This study aims to contribute to the discussion on policies to address the persistent low female labor force participation in the Philippines by providing labor market intelligence on economically inactive women in the country. It identifies trends in female economic inactivity and describes the profile of females out of the labor force across key sociodemographic characteristics using data from the Labor Force Survey (LFS) from 1988 to 2020. It also provides econometric estimates of the determinants of female labor force participation in the Philippines by utilizing logistic regression analysis and repeated cross-sectional data from the merged LFS and Family Income and Expenditure Survey (FIES) datasets for 2003, 2006, 2008, 2012, and 2015. In view of the persistence of low labor participation of women across their life cycle, and household and family responsibilities as a key driver of this, addressing low female labor force participation would require a comprehensive set of interventions which supports women’s choice and expands their freedom whether to work or not. This is to help women have positive outcomes whether they want to work or not, or whether they have voluntary/involuntary labor market attachment/detachment, so that they will have smoother transitions in and out of the labor force.
Drawing on a panel data comprised of all 16 administrative regions in the Philippines observed over a 14 year-period (i.e., 2006-2019), the study offers empirical evidence on the linkage of Public Employment Services (PESs) and labor market outcomes (LMOs)from a developing country context via the accessibility lens. It does so by quantitatively assessing the effect of access to institutionalized Public Employment Service Offices (PESOs) on regional unemployment and underemployment rates. Based from the results of Panel-corrected Prais–Winsten Generalized Least Squares (GLS) estimation, this research finds that an increased presence of institutionalized PESOs is significantly associated with lower regional unemployment. Results further suggest that access to institutionalized PESOs is particularly indispensable at the municipal level and among regions outside of the country’s National Capital Region (NCR), more commonly known as Metro Manila, in addressing unemployment. Meanwhile, the study finds no statistically significant relationship between institutionalized PESO accessibility and regional underemployment, with or without NCR in the analysis. In line with the study’s empirical results, several recommendations for policy actions and further research are offered.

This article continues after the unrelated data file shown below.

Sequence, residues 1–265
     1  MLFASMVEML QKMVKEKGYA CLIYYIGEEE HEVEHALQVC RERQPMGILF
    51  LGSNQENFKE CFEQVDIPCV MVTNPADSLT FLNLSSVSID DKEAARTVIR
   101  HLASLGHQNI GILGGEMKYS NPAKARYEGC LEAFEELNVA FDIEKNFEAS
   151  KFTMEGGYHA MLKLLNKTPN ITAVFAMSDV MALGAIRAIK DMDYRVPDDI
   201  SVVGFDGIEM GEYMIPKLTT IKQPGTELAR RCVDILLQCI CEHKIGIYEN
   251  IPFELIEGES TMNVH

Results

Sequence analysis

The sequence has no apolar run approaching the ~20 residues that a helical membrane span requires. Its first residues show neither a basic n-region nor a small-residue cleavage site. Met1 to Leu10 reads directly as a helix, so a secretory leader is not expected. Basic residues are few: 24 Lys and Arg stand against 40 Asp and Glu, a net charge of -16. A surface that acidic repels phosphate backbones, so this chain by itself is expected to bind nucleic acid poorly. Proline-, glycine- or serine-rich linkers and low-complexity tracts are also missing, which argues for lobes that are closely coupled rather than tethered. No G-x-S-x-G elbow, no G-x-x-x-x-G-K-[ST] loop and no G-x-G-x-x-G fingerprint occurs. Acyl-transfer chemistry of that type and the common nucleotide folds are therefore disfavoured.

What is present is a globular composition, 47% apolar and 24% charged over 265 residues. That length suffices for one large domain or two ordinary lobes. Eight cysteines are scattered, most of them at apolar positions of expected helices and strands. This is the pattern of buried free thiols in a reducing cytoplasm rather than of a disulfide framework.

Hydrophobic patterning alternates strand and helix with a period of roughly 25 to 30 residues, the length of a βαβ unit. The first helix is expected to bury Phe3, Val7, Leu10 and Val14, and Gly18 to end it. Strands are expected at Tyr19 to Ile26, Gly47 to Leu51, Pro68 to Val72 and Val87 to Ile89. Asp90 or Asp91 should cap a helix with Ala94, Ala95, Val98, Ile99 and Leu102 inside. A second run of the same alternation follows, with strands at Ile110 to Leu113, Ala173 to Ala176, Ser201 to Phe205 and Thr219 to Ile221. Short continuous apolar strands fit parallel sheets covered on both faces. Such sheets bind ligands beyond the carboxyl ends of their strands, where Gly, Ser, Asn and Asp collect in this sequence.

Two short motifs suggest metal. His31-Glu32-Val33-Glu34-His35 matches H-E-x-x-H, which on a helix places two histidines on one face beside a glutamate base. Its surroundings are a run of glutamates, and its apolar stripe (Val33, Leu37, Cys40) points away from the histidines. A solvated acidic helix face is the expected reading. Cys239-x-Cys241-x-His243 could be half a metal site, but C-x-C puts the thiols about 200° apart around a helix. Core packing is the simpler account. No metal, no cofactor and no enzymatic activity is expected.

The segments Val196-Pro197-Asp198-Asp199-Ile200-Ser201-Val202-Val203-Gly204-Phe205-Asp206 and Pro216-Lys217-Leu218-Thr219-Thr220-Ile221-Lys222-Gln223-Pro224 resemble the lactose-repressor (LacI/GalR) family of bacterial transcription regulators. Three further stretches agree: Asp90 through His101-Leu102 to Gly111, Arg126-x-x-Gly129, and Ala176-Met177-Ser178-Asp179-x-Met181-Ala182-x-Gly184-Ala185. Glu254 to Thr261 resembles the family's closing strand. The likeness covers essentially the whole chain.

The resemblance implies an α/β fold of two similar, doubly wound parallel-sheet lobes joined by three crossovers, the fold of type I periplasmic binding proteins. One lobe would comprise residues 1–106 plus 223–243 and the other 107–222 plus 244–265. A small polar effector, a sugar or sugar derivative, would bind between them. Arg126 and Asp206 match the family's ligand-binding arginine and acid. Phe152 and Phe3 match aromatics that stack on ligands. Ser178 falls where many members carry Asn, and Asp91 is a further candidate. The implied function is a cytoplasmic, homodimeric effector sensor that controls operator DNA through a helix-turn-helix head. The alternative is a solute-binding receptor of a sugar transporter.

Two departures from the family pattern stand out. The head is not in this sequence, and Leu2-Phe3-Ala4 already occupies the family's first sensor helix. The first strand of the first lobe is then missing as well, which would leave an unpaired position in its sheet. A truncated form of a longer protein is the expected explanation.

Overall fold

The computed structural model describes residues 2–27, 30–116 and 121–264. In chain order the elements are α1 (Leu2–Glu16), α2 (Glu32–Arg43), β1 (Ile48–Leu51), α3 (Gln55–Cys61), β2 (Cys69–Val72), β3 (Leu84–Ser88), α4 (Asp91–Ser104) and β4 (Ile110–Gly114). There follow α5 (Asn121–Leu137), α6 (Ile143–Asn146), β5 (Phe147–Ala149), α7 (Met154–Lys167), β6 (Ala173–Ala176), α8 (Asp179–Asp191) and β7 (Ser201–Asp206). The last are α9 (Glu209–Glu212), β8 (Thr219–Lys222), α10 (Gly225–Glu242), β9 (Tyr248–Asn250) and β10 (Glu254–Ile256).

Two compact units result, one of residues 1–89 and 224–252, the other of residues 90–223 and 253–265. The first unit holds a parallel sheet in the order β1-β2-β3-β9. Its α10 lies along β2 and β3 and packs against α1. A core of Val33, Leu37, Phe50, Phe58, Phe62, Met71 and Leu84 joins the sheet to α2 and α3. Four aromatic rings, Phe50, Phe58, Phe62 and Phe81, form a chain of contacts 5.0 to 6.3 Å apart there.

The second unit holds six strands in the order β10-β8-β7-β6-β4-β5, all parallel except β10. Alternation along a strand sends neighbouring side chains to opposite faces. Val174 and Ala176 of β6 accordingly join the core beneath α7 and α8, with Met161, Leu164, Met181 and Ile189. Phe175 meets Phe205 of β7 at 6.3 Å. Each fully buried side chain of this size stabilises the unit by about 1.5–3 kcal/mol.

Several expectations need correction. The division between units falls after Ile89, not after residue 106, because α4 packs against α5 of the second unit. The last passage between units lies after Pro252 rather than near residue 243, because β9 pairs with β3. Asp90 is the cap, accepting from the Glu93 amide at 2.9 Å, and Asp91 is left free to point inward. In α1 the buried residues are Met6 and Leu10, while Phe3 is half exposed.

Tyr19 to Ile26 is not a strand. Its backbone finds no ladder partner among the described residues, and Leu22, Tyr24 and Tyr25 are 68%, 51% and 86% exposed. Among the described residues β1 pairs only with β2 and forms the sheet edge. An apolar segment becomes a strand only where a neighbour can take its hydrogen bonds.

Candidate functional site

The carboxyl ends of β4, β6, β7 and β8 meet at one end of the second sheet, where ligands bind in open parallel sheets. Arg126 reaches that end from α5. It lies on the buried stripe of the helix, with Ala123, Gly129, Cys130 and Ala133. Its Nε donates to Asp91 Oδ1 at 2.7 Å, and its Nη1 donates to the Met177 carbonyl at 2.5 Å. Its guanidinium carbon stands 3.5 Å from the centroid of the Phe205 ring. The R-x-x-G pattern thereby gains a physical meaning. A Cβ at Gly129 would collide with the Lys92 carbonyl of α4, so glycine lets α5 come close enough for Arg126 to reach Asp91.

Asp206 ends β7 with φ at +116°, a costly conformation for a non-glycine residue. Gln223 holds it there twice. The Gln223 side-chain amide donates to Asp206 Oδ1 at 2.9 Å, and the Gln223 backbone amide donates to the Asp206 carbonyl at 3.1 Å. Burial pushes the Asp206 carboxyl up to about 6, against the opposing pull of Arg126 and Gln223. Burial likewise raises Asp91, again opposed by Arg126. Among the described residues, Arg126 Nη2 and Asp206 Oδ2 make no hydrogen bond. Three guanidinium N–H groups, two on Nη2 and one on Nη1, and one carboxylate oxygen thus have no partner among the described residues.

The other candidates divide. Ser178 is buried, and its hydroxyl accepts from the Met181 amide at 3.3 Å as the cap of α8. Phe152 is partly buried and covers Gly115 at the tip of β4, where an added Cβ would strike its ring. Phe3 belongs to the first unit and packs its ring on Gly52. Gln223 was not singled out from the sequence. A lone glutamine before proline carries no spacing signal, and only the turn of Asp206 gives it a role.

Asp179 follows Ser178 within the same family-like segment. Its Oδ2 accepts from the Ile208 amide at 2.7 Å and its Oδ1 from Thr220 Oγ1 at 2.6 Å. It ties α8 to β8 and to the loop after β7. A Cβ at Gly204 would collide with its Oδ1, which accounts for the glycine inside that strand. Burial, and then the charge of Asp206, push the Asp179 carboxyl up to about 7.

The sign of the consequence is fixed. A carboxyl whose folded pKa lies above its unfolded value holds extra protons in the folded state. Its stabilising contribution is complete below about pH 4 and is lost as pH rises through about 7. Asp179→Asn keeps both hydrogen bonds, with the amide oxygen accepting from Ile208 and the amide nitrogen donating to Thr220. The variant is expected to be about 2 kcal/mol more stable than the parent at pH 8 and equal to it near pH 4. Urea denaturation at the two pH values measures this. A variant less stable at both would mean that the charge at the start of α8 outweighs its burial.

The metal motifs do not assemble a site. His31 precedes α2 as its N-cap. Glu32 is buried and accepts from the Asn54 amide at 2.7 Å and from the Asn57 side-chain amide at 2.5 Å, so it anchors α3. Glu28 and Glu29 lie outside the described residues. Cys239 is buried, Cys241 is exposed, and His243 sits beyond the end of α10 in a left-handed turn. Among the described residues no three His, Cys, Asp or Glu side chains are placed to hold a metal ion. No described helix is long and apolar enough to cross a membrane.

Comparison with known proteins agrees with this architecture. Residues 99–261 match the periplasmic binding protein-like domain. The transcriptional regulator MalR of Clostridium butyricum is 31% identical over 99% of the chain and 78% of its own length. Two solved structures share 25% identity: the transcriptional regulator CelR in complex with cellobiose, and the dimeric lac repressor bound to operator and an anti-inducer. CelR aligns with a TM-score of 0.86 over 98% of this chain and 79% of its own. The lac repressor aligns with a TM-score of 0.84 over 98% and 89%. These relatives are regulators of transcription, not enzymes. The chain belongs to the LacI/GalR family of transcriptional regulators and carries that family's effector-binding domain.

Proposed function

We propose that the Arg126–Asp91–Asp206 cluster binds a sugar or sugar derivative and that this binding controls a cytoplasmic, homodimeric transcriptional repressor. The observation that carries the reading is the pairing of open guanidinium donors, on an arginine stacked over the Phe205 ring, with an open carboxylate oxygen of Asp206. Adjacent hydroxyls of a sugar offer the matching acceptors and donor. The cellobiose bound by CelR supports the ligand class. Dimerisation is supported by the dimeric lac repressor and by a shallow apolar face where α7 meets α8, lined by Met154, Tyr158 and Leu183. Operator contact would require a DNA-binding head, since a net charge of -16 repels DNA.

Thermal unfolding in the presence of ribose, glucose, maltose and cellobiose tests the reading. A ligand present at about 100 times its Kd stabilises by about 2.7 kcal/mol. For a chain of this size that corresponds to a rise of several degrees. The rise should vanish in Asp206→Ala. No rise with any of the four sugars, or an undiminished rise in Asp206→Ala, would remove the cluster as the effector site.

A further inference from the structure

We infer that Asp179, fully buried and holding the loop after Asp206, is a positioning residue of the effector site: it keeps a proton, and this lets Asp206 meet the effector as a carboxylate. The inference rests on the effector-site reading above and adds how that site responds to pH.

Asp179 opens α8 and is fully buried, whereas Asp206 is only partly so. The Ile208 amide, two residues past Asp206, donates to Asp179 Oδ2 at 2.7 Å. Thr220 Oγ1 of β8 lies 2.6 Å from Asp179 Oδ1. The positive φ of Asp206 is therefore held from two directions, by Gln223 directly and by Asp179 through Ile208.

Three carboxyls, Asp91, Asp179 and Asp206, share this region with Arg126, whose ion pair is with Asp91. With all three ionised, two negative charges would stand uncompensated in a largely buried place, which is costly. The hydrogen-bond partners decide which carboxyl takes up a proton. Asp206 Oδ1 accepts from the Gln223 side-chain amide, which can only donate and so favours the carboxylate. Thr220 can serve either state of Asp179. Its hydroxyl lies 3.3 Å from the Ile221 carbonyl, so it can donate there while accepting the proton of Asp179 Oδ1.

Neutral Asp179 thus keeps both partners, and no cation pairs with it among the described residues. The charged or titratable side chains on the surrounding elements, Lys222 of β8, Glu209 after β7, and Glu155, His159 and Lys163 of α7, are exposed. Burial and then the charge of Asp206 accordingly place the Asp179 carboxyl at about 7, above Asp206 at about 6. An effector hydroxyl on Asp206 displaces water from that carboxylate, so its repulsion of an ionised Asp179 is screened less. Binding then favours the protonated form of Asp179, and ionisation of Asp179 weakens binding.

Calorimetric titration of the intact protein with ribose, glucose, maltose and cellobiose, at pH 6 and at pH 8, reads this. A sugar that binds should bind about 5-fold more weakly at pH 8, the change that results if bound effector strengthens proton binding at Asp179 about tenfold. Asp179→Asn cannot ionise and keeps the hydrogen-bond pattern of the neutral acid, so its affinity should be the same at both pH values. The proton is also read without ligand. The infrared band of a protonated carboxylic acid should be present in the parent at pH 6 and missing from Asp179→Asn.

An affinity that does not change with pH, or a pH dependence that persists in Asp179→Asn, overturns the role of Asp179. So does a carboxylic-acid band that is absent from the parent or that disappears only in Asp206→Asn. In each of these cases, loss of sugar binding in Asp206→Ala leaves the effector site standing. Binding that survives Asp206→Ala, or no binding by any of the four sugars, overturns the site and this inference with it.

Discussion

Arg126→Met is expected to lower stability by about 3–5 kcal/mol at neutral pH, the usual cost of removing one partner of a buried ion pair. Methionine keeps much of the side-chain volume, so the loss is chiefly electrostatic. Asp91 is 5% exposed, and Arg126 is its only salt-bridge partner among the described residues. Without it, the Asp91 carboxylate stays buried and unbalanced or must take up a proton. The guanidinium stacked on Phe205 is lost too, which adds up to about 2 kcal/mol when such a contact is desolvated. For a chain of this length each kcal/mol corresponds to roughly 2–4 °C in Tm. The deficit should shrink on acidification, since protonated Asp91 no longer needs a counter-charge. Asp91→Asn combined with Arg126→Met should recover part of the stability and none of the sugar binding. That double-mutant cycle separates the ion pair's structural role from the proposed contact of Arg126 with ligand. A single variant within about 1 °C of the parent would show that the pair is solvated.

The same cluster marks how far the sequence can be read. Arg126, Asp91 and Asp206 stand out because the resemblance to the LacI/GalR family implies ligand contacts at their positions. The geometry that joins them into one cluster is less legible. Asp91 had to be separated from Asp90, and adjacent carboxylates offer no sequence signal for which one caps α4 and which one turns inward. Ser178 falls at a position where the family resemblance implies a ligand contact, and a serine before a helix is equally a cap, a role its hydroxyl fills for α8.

With COVID-19 pandemic, biking has quickly emerged as an alternative mode of transportation. This paper focused on the use of bicycle as a transportation option. The objective of this survey was to collect opinions from the public (especially the bicycle-riding public) that could contribute to planning (safety and sustainability) and greening efforts. Many individuals have resorted to biking due to limited transportation brought about by pandemic, whether for doing errands, recreation or going to work. Results showed that safety and infrastructure are important factors associated with bicycle commuting.
The study looked into how providers of local public employment facilitation services have attuned themselves to the new normal and ensured that the services and mechanisms they implement remained to be accessible, responsive, and unhampered in light of the COVID-19 pandemic. As a result of the study, it was found out that the implementation of some employment facilitation services and mechanisms were momentarily interrupted due to movement restrictions imposed as a response to prevent the community transmission of the virus, and that implementers had to change their overall strategy in terms of service targets and mode of service delivery to ensure service access. While, in general, services remain to be accessible, there are still some challenges and issues faced by implementers as the pandemic continue to persist, including, among others, lack of employment opportunities, employment recovery, and barriers to fully operate digitally.